Employee Rights Briefing
July 2017
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The Institute News




Employee Rights In The News news
In The News
On June 5, Colorado Governor John Hickenlooper signed the Uninsured Employer Act, which creates a fund for assisting injured workers whose employers are not insured.



On June 8, U.S. Department of Labor (DOL) Secretary R. Alexander Acosta announced the withdrawal of the DOL's 2015 and 2016 informal guidance on joint employment and independent contractors. USA Today reporter Paul Davidson explained the implications of the move in his article, " Worker-Friendly Rules Scrapped By Labor Dept." A new Economic Policy Institute report released on May 31 drew connections between the joint employer standard and the National Labor Relations Board (NLRB).



The U. S. House of Representatives, on June 8, passed the Financial CHOICE Act, which, among other provisions, would revoke the "fiduciary rule" recently enacted by the DOL to ensure that investment advisors act in their clients' best interests. A powerful explanation of the impact of the bill on consumers and workers was written by Sen. Martin Heinrich, and Sen. Elizabeth Warren published an op-ed piece in The Boston Globe applauding the rule, asserting that " Saving For Retirement Just Got Easier."



In their June 8 article, " Utah Legislature's Amendments to Two Wage Statutes Now In Effect," Kirton McConki, PC explains recent reforms to the Utah Wage Claims Act (UWCA) and Utah Payment of Wages Act (UPWA). Among other changes, the revisions expanded both the definition of who qualifies as an "employer" and the types of damages and penalties to which aggrieved workers may be entitled.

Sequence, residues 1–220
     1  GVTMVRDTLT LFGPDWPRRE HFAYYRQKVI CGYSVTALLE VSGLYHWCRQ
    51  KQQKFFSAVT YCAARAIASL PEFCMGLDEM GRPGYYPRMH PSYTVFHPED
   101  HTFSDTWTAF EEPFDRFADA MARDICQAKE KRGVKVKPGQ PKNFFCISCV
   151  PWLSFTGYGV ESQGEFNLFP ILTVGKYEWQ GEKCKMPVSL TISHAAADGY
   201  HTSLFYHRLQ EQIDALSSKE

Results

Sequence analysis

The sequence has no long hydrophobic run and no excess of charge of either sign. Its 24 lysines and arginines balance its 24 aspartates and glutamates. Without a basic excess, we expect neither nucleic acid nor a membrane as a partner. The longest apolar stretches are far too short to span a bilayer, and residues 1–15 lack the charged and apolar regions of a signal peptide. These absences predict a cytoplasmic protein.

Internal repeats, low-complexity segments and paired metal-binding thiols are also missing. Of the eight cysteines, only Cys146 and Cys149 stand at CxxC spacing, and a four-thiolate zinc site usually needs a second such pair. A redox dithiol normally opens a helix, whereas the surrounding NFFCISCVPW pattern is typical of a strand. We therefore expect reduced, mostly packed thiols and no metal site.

The Office of Labor-Management Standards (OLMS), on June 12, published a Notice of Proposed Rulemaking (NPRM) to rescind the currently-enjoined "persuader rule." Finalized in March 2016, the rule was designed to fight union-busting by requiring companies to report any "actions, conduct, or communications" they have engaged in to "affect an employee's decision regarding his or her representation or collective bargaining rights." The deadline for interested parties to submit comments is August 11.



On June 13,  The New York Times Editorial Board asked readers if they " Remember The Promise Of Good Jobs?" In the article, the Board explains how Federal Reserve and Republican legislative policies are serving to suppress wage growth.